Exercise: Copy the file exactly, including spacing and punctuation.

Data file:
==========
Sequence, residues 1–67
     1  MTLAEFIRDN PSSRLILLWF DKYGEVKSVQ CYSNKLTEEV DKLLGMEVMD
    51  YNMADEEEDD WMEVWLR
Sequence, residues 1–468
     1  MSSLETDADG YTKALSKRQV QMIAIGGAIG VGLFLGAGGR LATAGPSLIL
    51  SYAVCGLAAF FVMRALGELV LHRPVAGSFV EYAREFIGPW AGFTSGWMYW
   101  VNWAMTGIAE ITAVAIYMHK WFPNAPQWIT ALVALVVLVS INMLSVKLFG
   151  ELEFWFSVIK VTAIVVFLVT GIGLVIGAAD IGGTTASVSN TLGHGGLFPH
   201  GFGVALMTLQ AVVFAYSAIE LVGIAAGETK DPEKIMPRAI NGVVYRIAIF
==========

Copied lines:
Sequence, residues 1–67
     1  MTLAEFIRDN PSSRLILLWF DKYGEVKSVQ CYSNKLTEEV DKLLGMEVMD
    51  YNMADEEEDD WMEVWLR
Sequence, residues 1–468
     1  MSSLETDADG YTKALSKRQV QMIAIGGAIG VGLFLGAGGR LATAGPSLIL
    51  SYAVCGLAAF FVMRALGELV LHRPVAGSFV EYAREFIGPW AGFTSGWMYW
   101  VNWAMTGIAE ITAVAIYMHK WFPNAPQWIT ALVALVVLVS INMLSVKLFG
   151  ELEFWFSVIK VTAIVVFLVT GIGLVIGAAD IGGTTASVSN TLGHGGLFPH
   201  GFGVALMTLQ AVVFAYSAIE LVGIAAGETK DPEKIMPRAI NGVVYRIAIF